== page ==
Welcome Wednesday guests for November:
11/05 Maya Corrigan's Five-Ingredient Mystery, By Cook or By Crook.
11/12 Death by Blue Water, a scuba-diving adventure-mystery by scuba-diving author, Kait Carson.
11/19 Susan Van Kirk--Three Can Keep A Secret.
11/26 Tagged for Death, a garage sale mystery by Sherry Harris.

Gloria Alden's latest publication is nonfiction. Boys Will Be Boys: The Joys and Terrors of Raising Boys. Edited by Cher'ley Grogg was recently released and available on Amazon. Gloria wrote three essays and two poems in her chapter included in the book.

Don't miss this month's release of Chesapeake Crimes: Homicidal Holidays on October 7th, in which WWK bloggers Shari Randall ("Disco Donna") and E. B. Davis ("Compromised Circumstances") have short stories.

KM Rockwood's
short stories will appear in two anthologies released in October. They are: "The Lure of the Owl" in Swamp Mansion and Other Dark Stories, to be released as a ebook, and "Aunt Olga and the Werewolf" will be included in the third Creatures, Crimes and Creativity anthology release by Intrigue Publishing. at their conference in October.


Friday, October 31, 2014

Why Sports?

 Why Sports?

Watching the baseball league championship games, I am reminded of some of the functions sports play in our society.  I am wearing my lucky Royals cap.  It became my lucky hat this year when the team improved enough to get into the playoffs.  Last year and in the years before that it was apparently not lucky enough.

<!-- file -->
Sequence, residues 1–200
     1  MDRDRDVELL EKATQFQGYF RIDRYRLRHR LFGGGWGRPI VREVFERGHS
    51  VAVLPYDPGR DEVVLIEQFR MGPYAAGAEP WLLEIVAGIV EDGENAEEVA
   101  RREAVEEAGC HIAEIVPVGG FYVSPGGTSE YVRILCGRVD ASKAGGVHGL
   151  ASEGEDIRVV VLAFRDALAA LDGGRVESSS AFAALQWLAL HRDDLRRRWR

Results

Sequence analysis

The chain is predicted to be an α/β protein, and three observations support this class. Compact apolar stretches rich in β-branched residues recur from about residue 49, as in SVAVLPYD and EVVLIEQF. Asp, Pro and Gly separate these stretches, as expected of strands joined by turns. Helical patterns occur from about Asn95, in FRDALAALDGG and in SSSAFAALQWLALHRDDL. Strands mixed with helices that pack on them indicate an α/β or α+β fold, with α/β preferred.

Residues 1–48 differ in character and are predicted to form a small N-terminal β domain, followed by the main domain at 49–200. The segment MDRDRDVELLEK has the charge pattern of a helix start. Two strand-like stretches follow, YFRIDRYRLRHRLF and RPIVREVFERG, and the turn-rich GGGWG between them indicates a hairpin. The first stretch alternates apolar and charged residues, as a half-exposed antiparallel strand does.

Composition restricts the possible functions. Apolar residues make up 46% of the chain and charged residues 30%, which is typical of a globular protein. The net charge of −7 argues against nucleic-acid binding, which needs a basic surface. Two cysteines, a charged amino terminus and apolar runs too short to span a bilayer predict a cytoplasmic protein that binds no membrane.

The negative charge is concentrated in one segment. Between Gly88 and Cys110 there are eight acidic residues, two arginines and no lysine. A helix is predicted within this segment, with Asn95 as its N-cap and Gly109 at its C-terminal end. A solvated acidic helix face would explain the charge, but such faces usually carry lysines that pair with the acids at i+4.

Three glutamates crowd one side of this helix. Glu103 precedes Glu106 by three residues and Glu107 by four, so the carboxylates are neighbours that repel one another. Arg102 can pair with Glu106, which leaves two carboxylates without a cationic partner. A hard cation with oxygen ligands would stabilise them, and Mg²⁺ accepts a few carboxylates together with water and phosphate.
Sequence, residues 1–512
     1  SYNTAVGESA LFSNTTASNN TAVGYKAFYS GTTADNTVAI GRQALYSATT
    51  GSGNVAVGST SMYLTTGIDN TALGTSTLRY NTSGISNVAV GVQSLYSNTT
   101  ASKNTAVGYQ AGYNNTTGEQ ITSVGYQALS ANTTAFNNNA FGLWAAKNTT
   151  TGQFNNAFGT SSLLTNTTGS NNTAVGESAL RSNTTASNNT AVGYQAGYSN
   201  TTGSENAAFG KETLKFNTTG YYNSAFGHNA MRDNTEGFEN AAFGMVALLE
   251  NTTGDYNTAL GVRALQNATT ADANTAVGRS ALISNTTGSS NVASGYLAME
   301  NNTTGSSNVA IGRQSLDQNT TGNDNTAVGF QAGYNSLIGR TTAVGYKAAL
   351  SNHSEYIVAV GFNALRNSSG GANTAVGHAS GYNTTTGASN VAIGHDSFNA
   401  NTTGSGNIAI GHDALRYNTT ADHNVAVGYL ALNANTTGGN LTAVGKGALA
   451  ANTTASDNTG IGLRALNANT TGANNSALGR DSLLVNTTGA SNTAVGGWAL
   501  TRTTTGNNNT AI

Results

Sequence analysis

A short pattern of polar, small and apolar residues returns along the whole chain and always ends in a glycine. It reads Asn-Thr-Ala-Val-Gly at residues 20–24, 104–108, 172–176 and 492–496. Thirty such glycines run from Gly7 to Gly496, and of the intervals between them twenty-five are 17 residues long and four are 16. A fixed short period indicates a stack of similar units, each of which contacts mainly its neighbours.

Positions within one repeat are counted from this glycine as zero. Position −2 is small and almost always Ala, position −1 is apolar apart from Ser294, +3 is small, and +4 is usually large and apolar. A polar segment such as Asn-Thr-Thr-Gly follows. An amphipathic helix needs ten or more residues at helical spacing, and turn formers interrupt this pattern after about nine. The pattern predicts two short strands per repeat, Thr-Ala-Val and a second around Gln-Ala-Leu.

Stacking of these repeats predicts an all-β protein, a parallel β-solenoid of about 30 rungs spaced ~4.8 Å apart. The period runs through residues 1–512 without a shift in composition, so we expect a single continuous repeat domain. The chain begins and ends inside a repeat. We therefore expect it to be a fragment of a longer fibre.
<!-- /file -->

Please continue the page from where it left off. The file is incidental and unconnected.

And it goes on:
In social situations people have commented on my cap.  Last year few, if any, people talked to me about it.  Having a team in the playoffs, allows strangers to talk to me about the team.   We share a common interest.  In a small way it is like a family with an infant eating in a restaurant, the presence of the baby encourages others to stop by their table ask questions and make supportive remarks. 

I know from my work as a psychologist that people who feel isolated can chat with others about sports and get a degree of acceptance ordinarily not easily found. 

Having a winning team elates the spirits of those who live in the area the team is associated with.  Many people have played sports in the past or they still play.  We identify with sports figures who strive without knowing whether or not they will succeed. 
We admire people who can accomplish difficult tasks, especially if they do things with skill and élan. 

Sports allow the expression of aggression, within relatively safe settings.  Sports figures are sometimes mythologized as heroes and treated in ways that used to be reserved for warriors.  We assume they have characteristics we value in other spheres of life.  Expectations can be unrealistic. Being an athlete does not excuse bad behavior and we do the athlete no good by making excuses for him or her.

Sports allow socially approved expression of emotion. Men, by tradition, have limited acceptable opportunities to let their feeling out. An increasing number of women are involved in amateur and professional sports.   I think this is expanding what is considered socially appropriate for women.  

I’m not at all sure playing sports develops character.  I believe it is one setting where character may, or may not develop while dealing with success and failure.  I think there are many others.  I definitely believe that character is revealed by sports.

In our society Sports provide an opportunity for dissimilar people to communicate.  For example in the movie City Slickers one of the characters commented that during extended conflict with his father about the war in Viet Nam sports were the only thing they could discuss without arguing.

Talking about sports is infinitely better than not talking at all.